HC Deb 10 February 1953 vol 511 cc268-93
Mr. Lennox-Boyd

I beg to move, in page 27, line 46, to leave out from "Commission," to the end of line 4, on page 28. and to insert: or, so far as the enactments mentioned in paragraph (b) of this subsection are concerned; to any act on omission of the Commissions. (2) Section thirty-nine of the Road and Rail Traffic Act, 1933, and section thirty-nine of the Railways Act, 1921 (which contain provisions for the protection of coastwise shipping and the interests of canals), shall have effect in relation to charges made by the Commission subject to the provisions of the Schedule to this Act (Modifications and extensions of section thirty-nine of the Road and Rail Traffic Act, 1933, and section thirty-nine of the Railways Act, 1921) being provisions which amongst other things—

  1. (a) apply section thirty-nine of the Road and Rail Traffic Act, 1933, to all charges made or proposed to be made by the Commission for the carriage of merchandise by railway other than standard charges and maximum charges, extend it so that it applies with modifications to harbour authorities as well as to coastwise shipping and provide for an expedited procedure under it in certain cases;
  2. (b) apply section thirty-nine of the Railways Act, 1921. to all charges made or proposed to be made by the Commission for the carriage of merchandise by railway other than standard charges and maximum charges and extend it so that it applies to canal carriers as well as to canals,
and section thirty of the Railway and Canal Traffic Act, 1888 (which contains provisions for the protection of harbour authorities), shall not apply to any charges made by the Commission or to any other act or omission of the Commission. (3) As soon as a charges scheme comes into force with respect to charges for the carriage of merchandise by railway, the provisions of Part III of the Railways Act, 1921 (except sections twenty to twenty-six, thirty-nine and fifty-six), shall not apply to the Commission or to any charges made by the Commission. I understood, Mr. Deputy-Speaker, that the Amendment in the name of the hon. Lady the Member for Peckham (Mrs. Corbet) in page 26, line 23, was to be called.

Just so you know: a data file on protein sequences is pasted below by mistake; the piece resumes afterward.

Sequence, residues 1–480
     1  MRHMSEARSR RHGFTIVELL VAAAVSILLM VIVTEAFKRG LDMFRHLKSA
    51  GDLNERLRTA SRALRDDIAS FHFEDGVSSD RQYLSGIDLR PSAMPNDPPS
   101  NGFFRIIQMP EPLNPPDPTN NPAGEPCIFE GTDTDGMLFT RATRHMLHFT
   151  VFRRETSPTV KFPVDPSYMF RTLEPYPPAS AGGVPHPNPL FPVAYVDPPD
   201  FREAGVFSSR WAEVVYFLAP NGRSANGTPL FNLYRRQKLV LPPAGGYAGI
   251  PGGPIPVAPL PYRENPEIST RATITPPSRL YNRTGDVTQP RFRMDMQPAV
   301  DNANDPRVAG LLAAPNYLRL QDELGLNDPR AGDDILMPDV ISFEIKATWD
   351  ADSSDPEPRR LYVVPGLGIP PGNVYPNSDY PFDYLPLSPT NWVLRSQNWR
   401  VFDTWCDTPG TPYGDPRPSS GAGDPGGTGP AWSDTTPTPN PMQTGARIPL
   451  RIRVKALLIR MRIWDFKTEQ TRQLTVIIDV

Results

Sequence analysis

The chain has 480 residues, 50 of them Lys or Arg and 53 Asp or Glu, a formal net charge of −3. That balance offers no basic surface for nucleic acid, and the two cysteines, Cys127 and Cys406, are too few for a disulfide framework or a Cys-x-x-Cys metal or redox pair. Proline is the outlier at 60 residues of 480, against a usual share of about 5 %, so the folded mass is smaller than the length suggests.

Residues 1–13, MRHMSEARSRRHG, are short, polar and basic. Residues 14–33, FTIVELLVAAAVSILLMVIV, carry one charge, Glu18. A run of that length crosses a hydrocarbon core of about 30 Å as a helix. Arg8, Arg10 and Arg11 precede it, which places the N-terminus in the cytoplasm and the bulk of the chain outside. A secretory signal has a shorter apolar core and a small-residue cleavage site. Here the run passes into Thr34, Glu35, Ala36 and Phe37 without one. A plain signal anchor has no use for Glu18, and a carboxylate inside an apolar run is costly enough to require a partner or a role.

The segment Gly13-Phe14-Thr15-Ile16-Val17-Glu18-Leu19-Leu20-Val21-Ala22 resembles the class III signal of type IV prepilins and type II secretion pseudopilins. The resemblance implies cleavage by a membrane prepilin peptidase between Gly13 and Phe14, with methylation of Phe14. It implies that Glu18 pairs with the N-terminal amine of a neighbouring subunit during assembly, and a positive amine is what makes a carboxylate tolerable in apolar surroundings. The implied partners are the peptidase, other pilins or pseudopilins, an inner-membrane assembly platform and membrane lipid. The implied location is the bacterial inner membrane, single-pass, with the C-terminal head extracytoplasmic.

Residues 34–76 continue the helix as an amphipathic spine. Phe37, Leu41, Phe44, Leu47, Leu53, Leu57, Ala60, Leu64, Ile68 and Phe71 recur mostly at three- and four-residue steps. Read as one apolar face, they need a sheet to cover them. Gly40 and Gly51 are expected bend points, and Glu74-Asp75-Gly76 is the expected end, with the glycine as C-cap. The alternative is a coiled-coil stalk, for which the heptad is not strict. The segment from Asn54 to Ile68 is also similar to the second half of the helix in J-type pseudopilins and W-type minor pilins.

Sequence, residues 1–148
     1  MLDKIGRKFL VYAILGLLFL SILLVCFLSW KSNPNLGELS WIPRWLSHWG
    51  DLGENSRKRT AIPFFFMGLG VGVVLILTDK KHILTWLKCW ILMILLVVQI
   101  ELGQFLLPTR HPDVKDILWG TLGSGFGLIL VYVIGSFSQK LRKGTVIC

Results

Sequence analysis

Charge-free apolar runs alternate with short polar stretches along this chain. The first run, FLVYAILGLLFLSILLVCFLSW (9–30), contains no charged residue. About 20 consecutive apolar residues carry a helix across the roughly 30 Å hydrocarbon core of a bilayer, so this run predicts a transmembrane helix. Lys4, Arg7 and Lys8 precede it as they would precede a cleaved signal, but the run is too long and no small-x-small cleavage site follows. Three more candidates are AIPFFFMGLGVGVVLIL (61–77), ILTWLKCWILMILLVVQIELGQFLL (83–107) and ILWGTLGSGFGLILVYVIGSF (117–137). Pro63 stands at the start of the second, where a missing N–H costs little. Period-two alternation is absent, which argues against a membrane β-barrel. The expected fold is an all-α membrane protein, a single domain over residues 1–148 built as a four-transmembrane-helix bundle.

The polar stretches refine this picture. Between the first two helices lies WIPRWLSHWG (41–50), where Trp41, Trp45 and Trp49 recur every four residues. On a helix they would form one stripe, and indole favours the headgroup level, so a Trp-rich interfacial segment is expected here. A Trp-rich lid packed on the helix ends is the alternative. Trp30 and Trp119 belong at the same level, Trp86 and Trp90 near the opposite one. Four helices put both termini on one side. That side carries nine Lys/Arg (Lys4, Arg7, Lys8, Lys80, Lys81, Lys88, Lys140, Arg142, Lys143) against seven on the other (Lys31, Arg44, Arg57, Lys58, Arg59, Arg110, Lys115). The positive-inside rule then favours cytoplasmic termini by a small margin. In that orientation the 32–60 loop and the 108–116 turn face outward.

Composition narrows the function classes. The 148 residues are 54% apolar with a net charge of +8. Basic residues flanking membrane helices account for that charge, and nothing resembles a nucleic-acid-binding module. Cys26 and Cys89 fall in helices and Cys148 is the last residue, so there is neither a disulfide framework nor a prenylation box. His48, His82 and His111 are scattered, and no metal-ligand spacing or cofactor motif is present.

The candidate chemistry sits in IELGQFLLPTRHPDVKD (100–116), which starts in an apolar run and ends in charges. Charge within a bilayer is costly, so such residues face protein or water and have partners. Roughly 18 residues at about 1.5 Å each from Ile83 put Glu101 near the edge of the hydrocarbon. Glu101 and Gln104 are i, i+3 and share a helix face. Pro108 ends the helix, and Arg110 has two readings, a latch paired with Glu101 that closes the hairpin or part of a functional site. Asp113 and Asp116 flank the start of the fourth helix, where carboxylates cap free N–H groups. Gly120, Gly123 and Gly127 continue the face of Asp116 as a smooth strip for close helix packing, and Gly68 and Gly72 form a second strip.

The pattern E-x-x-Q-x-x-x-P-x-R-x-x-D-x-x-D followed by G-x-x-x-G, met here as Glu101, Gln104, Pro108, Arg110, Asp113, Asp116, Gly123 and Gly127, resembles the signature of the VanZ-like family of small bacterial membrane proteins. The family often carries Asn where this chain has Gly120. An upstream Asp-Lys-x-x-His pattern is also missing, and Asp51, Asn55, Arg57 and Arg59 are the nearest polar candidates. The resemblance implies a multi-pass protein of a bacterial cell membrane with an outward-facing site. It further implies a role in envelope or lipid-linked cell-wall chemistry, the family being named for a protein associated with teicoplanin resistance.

Mr. Deputy-Speaker

Originally, it was to be called, but it is not now selected.

Mr. Lennox-Boyd

I am afraid that I am entering into a rather lengthy speech. and I must apologise to the House for this necessity, but the Amendments which stand in my name to Clause 19 are made necessary by a number of undertakings which I gave in Committee.

Hon. Members on both sides of the House will appreciate that any alterations to the very old railway charges structure in regard to merchandise in Great Britain involve a great deal of highly technical amendments of the law. I have quoted on Committee stage and on the Second Reading of the Bill a large number of Acts of Parliament which are involved, and I have been a little surprised at the comparative simplicity with which these very considerable Amendments have been made. I should like to express my appreciation, as I am sure the Opposition would have done if they had been responsible for these Amendments, to the draftsmen who have found it possible to do this at very great speed and under extreme pressure.

I should like to ask whether I am in order, Mr. Deputy-Speaker, in moving this Amendment and also all the other Amendments that stand in my name on this Clause, and then moving the Amendment to Clause 34, page 40, line 40, which is linked to this Amendment and also the new Schedule.

5.45 p.m.

Mr. Callaghan

I can understand that it might be convenient for us to discuss these Amendments together, but am I right in thinking, Mr. Deputy-Speaker, that it will not be possible for the Minister to move them until we get to them on the Order Paper?

Mr. Deputy-Speaker

That is so, but they can be discussed together, and when we come to them, we will put them in due course.

Mr. Callaghan

The only point on that is that there are two Amendments—one in the name of the hon. and gallant Member for Barkston Ash (Sir L. Ropner), to which the Minister has put his name, in page 38, line 14, and the one in the name of my right hon. and learned Friend the Member for Neepsend (Sir F. Soskice)—page 38, line 8—which in some ways have, I think, relationship to the Schedule which the Minister wishes to discuss now.

Mr. Deputy-Speaker

I understood that it would be for the convenience of the House if the Amendment in the name of the right hon. and learned Member for then, of course, the Minister's Amendment would be called on its own.

Mr. Callaghan

That was our understanding on the assumption that the Min- ister's two Amendments to Clause 29 and Clause 34 were going to be called and discussed at that time. We would like to ask, even though the discussion will now trespass and certainly entrench on the Amendment in the name of the hon. and gallant Member for Barkston Ash, that we should still have an opportunity of moving the Amendment to Clause 29 in the name of my right hon. and learned Friend the Member for Neepsend when the time comes.

Mr. Deputy-Speaker